The first problem faced by the government was that of the consolidation of public finances. A decree established a large levy on the personal and real estate wealth of citizens, a sort of patrimonial; at the same time an important agreement was reached with the trade unions on the containment of labor costs and on the blocking of articulated bargaining. A second, broader maneuver cut 93,000 billion from public expenditure forecasts, drastically reducing, among other things, the gratuitousness of health services and affecting privileged aspects of public employment. The privatization of significant sectors of state holdings in the industrial and banking sectors was also initiated. Government decisions, especially in tax and health matters, aroused the reaction – even against the trade unions – of large sectors of the world of work. The uncertainty of the internal political situation and the no longer eludable problem of public debt contributed to the start, at the end of August 1992, of a violent downward speculation against the lira, which was artificially overvalued and forced, in the EMS, within very fluctuating margins. restricted. On 13 September the government decided on a realignment against the other European currencies – effectively a devaluation of 7%, and subsequently the exit from the EMS. The free negotiation of the lira will subsequently lead to a depreciation of our currency of more than 20%. at the end of August 1992, a violent downward speculation against the lira, which was artificially overvalued and forced, in the EMS, within very narrow fluctuation margins. On 13 September the government decided on a realignment against the other European currencies – effectively a devaluation of 7%, and subsequently the exit from the EMS. The free negotiation of the lira will subsequently lead to a depreciation of our currency of more than 20%.
As it was in the commitments made before the elections, Parliament established a bicameral commission of 60 members to tackle the problems of institutional reform. The start of the work of the bicameral Commission – initially chaired by De Mita and from March 1993 by N. Iotti – confirmed that the range of dissensions between the parties had been anything but reduced. In particular, the defenders of a correct proportional system – which would protect the party system – and the supporters of the single-member majority system confronted the central issue of the electoral law. However, these were divided between the adoption of the English one-shift model and the French two-shift model with the possibility of alliance of the different political forces in the second.
According to topschoolsintheusa, the decision of the Constitutional Court, in January 1993, to recognize the legitimacy of new abrogative referendums, however, seemed to pave the way for the introduction of the majority system by referendum.
Indeed, the consultations held on April 18-19 confirmed that this was now the orientation of the majority of Italians. On that occasion, eight referendums were voted, the most important of which was the one which, through the repeal of some formulations of the electoral law, aimed at introducing the single-member majority system in the Senate. 82.7% voted in favor of this proposal, with a peak of 87.4% in the North. The triumph of the Yes testified to the crisis of confidence in the party system, a crisis that became unstoppable after the scandal of “ tangentopoli ” (a term originally used to indicate the Lombard metropolis at the center of the intertwining between business and politics, and therefore extended to the phenomenon bribes and illegal financing in general). The popular decision was widely celebrated by the press which with its main organs had fought vigorously in favor of the Yes, whose victory was now interpreted as the beginning of a new era and the sign of the end of the first republic. However, the parties themselves contributed not a little to the size of the success, fearful of being excluded from the processes of renewal of the country and siding in a large majority (with a certain amount of transformism) in favor of the majority, with the exception of the MSI, of Rifondazione, the Network and the PDS minority. The very high percentage of consensus (90.3%) also obtained the proposal to repeal the public financing of parties, supported by all political groups.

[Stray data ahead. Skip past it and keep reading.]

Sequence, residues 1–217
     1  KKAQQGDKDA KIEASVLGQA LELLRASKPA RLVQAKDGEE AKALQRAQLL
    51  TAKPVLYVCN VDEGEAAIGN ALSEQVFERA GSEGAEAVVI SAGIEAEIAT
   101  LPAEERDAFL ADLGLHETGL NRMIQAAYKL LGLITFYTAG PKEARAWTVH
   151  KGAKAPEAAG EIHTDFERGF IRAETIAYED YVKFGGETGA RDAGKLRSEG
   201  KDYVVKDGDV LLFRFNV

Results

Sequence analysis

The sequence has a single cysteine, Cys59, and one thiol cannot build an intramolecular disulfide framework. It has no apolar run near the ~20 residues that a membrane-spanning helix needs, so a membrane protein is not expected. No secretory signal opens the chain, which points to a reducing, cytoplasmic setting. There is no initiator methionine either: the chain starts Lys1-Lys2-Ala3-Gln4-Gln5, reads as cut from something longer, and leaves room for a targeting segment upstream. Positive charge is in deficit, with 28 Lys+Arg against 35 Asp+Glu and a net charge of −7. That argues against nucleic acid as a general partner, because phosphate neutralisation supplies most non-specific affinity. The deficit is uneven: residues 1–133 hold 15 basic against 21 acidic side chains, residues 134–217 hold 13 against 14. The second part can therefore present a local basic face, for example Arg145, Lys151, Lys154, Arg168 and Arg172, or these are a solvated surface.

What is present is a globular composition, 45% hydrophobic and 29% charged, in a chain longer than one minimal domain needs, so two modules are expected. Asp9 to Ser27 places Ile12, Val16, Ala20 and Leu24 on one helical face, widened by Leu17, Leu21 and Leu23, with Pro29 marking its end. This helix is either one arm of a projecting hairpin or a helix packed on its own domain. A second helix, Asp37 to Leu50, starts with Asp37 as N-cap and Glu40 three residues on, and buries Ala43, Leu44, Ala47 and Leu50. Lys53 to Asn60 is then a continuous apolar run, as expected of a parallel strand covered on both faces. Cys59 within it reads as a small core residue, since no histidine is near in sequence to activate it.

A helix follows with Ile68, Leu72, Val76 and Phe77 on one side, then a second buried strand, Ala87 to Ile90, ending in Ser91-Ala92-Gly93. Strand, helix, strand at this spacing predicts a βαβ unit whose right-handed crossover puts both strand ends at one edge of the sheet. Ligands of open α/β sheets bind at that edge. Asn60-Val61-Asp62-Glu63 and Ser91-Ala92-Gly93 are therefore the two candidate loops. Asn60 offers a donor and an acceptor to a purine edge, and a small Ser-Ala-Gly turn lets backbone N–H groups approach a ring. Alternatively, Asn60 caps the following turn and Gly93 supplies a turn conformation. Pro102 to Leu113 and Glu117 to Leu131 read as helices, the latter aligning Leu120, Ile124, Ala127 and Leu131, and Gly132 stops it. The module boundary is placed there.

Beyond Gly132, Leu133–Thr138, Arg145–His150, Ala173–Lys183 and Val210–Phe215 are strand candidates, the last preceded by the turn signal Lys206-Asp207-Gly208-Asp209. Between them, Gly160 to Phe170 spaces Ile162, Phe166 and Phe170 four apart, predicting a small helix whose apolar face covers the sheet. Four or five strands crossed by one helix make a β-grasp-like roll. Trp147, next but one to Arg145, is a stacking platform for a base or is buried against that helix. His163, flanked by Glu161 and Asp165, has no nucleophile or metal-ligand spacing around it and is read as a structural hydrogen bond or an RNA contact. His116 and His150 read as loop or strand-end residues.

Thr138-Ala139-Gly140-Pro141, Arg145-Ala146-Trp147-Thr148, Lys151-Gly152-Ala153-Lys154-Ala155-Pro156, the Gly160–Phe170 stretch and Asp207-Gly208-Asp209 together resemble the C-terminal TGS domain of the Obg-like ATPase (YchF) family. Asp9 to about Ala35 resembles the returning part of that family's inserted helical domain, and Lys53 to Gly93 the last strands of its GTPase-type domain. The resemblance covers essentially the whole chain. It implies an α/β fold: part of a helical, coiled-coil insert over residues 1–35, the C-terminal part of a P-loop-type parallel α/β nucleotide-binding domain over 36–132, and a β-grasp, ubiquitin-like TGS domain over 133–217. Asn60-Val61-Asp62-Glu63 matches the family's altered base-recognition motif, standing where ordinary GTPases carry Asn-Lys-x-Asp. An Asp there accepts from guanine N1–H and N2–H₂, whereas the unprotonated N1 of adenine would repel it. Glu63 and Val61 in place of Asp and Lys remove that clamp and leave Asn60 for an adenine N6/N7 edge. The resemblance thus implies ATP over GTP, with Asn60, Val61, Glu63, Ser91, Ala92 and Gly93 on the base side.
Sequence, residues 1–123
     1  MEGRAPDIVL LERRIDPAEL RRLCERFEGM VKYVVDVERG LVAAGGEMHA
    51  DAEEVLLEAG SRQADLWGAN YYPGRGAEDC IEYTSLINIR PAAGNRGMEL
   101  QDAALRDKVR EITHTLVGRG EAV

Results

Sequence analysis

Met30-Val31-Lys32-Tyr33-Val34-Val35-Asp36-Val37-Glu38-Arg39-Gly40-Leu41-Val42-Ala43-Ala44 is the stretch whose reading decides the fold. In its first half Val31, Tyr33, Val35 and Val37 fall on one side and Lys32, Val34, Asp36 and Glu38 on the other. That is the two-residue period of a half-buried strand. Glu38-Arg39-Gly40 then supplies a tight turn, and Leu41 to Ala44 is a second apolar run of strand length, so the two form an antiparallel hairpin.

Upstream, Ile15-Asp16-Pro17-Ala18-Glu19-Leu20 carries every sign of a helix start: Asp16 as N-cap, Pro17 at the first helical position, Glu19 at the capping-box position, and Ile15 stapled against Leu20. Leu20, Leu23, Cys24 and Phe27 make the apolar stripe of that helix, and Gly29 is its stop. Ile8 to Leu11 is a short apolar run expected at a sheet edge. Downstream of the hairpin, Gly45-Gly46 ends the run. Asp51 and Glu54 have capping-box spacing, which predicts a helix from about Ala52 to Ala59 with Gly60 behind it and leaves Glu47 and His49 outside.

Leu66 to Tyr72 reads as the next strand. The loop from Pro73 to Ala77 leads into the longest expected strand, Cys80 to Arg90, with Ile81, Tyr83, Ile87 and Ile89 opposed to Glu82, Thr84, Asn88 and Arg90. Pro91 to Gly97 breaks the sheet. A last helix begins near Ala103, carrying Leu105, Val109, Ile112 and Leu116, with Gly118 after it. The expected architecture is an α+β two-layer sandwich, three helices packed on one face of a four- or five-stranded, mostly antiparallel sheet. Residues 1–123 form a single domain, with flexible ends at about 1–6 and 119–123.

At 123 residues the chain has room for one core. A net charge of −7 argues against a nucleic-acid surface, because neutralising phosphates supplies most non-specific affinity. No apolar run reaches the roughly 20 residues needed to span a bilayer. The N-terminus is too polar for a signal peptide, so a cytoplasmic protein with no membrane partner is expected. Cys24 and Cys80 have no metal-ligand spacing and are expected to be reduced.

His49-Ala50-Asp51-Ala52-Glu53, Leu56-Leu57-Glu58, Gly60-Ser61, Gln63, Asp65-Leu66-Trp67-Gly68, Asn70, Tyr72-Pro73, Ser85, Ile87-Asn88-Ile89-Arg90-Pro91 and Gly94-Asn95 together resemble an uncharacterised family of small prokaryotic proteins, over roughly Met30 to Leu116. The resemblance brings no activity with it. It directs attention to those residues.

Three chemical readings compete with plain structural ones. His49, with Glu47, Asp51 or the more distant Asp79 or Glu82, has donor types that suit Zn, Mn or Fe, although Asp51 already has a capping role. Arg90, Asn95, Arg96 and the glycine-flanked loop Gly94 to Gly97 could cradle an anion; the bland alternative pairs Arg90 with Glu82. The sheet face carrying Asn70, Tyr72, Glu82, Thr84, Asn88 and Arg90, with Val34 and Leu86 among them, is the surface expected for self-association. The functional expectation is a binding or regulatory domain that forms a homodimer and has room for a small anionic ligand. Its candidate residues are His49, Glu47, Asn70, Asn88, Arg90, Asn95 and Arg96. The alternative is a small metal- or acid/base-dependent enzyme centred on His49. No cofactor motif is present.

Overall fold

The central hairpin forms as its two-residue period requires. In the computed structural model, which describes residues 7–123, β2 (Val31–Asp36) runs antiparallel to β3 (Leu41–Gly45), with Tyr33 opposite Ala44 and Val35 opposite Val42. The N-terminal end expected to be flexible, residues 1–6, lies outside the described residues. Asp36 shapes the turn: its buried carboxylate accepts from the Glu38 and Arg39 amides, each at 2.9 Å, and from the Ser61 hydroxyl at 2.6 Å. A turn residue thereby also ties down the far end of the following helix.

Other favorable results (from 70 to 90%) recorded the referendums for the abolition of the Ministry of Agriculture, State Participations, Tourism and Entertainment, the rules that entrusted the government with the appointment of the President of the Savings Banks, and those which attributed control over the environment to the USLs. The country, on the other hand, remained deeply divided on the drug problem: if in fact the abolition of prison for drug addicts who are not guilty of other crimes and are not drug dealers passed only with 55.4% of the votes, the limits of the controversial were confirmed. law that sought to regulate the matter in 1990.
In the aftermath of the referendums, on 22 April, at the end of a debate in the Chamber, Amato announced the resignation of his government, already severely weakened. In the speech that started the discussion, Amato spoke of the need for “a clear sign of discontinuity”; and he had explained how the abolition of the public financing of the parties testified “the repudiation of the party equal to the public organs and placed among them”. And it represented “an authentic change of regime, which kills after seventy years that party-state model that was introduced in Italy by fascism and that the Republic had finished inheriting, limiting itself to transforming a singular into a plural”.